Microsoft Hooks Small Companies to Challenge AWS in Cloud


Big tech names in the cloud market are toiling over cloud computing services as they bet on tech startup companies. The not-so-new dominant name is Microsoft Corp., gaining a new tactic of tapping smaller firms to onboard on its Azure cloud.

The cloud computing battleground is between Amazon Web Services (AWS) and the tech giant Microsoft, capitalizing on deploying IoT devices to the enterprise network edge. Known as ‘edge computing’, the service requires a data center to provide reliability and performance.


What Microsoft and Amazon are doing is forming strategic partnerships for early-stage implementation. Edge computing is a more sophisticated service, providing businesses with a range of workload solutions to protect data, and at the same time, ensure stable performance.

Microsoft to Challenge AWS in Cloud

On Monday, tech giant Microsoft announced its recent partnership with San Francisco-based email security firm, Abnormal Security Corp.


The partnership involves moving Abnormal Security Corp.’s software onto Microsoft. In return, the tech giant will sell its services to its enterprise clients. The multinational tech company claims that this partnership is a first for such ‘arrangements.’

Jump in Cloud Revenue

On Sept. 14, Microsoft also published its Commercial Cloud Business revenue, indicating a massive increase of 30 percent in the fourth quarter of the year. This simply means Microsoft is leading the cloud market, ahead of big competitors like IBM, Google, and AWS.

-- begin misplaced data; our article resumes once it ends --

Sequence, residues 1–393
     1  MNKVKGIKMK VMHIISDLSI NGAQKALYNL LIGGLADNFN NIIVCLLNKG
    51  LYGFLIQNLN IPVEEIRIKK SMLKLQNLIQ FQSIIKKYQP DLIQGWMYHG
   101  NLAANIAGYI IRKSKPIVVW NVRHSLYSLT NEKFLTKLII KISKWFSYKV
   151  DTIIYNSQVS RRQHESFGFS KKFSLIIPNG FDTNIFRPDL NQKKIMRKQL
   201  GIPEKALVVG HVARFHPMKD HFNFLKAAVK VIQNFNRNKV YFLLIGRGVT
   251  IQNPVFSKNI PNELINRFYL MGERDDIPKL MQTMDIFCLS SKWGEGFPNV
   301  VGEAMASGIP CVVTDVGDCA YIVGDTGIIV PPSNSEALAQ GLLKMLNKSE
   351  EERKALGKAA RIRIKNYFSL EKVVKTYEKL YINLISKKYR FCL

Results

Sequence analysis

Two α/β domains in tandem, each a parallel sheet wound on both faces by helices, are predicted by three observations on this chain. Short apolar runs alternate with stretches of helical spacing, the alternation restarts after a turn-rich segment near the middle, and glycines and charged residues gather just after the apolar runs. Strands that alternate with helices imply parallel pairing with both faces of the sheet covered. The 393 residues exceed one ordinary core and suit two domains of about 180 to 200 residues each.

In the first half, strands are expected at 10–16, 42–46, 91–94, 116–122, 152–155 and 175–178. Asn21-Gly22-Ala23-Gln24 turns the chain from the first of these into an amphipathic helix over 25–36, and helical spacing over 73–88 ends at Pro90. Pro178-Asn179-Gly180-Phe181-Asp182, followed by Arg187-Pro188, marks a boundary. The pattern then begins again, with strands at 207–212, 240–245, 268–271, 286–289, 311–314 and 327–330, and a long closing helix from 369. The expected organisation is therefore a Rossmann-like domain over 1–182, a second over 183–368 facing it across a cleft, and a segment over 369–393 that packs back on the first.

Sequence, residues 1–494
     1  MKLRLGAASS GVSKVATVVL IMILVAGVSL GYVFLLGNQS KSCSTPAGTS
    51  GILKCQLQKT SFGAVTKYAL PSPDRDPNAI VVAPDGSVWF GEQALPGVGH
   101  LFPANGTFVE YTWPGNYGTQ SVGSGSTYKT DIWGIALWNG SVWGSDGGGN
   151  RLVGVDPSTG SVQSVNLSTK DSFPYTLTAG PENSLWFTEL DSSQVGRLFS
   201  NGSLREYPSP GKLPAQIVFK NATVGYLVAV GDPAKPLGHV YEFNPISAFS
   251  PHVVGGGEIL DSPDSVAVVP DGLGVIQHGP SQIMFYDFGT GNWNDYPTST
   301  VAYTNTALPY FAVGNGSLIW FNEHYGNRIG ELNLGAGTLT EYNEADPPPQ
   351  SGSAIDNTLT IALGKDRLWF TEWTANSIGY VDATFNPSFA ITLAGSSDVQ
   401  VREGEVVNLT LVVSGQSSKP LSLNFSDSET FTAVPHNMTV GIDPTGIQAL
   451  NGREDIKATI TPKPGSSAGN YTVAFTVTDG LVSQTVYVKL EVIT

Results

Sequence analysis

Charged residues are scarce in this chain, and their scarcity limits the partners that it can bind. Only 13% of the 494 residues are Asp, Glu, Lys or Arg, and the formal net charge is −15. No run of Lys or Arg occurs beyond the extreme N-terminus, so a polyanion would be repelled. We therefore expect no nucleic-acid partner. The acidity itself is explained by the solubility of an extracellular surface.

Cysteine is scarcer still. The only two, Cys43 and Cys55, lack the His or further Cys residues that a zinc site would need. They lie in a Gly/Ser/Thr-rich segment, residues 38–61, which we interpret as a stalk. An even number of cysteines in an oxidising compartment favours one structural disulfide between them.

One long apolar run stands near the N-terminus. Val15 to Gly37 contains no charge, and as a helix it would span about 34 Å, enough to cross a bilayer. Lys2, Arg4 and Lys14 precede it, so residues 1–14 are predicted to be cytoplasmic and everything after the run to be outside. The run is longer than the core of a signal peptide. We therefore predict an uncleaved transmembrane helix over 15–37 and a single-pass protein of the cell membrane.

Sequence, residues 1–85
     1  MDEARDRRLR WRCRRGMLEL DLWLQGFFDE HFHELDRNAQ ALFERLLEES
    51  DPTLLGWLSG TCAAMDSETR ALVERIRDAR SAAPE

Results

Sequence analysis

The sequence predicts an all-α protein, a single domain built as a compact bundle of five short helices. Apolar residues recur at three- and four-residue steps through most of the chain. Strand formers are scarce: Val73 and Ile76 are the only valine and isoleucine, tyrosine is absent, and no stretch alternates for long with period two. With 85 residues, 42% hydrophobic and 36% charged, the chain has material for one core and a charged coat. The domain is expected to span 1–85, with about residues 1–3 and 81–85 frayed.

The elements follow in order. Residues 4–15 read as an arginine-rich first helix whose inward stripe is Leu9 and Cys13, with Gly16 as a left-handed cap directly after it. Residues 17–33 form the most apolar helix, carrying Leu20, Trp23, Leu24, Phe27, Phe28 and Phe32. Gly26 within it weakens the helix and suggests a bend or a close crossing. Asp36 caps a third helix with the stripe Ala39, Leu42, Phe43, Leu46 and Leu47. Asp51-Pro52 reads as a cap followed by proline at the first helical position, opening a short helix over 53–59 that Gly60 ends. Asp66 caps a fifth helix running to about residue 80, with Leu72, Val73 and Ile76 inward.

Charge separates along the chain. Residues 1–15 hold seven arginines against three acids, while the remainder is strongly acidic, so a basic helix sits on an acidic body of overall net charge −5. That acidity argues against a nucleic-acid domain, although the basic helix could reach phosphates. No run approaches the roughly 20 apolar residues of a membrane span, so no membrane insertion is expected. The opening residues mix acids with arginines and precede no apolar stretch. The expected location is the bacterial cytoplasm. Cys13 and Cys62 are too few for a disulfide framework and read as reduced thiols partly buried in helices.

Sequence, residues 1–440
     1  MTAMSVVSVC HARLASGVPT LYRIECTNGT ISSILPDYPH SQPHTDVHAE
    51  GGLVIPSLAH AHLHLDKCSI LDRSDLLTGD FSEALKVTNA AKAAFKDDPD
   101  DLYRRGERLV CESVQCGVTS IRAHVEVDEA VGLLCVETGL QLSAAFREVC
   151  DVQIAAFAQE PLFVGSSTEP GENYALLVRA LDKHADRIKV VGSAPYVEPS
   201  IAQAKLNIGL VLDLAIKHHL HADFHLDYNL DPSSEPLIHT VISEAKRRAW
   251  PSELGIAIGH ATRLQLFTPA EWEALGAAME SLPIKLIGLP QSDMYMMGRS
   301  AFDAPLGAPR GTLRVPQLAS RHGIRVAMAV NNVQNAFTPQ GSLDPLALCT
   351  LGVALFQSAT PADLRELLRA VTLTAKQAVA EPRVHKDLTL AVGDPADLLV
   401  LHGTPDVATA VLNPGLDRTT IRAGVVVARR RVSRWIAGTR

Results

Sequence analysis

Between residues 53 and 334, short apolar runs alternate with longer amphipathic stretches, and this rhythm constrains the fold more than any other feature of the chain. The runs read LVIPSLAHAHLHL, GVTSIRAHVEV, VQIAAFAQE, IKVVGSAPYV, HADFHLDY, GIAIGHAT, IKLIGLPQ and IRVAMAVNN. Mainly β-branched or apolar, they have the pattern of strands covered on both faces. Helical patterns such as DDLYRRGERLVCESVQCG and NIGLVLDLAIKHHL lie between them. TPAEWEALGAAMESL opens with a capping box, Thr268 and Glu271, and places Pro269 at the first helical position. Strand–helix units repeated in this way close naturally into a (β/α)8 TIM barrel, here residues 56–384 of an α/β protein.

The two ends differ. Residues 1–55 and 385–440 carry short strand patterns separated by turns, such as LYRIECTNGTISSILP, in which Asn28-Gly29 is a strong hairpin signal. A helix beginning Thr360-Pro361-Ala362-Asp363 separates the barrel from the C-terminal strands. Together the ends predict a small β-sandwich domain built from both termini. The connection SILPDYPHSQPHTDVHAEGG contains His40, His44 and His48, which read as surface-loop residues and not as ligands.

According to StockApps, Microsoft’s revenue is more than that of IBM and Google combined. In figures, the company’s revenue hit $14.3 billion, while AWS accumulates $10.8 billion, IBM with $6.3 billion, and Google with $3 billion.

The intelligent cloud revenue comprises of the $13.37 billion of the total revenue, which is pretty huge. It indicates an increase of 17 percent of YoY, and surpassed analysts’ expectations of $13.11 billion.


Microsoft leveled up its delivery for the Cloud Communications market, Workforce Productivity, and Business Processes Tools, which are included in the Office and Dynamics services. Now, this specific area is up by 6 percent in the fourth quarter, showcasing an increasing demand for such tools.

Overall, Office and Dynamics’ revenue increased by 13 percent, to $38 billion. The work from home setup greatly helped Microsoft to leverage digital workforce services that help businesses operating remotely.

The biggest achiever for the company is none other than Microsoft Azure, with shares swelling to 47 percent. However, this percentage still needs improvement as last quarter’s data reached a 59 percent increase.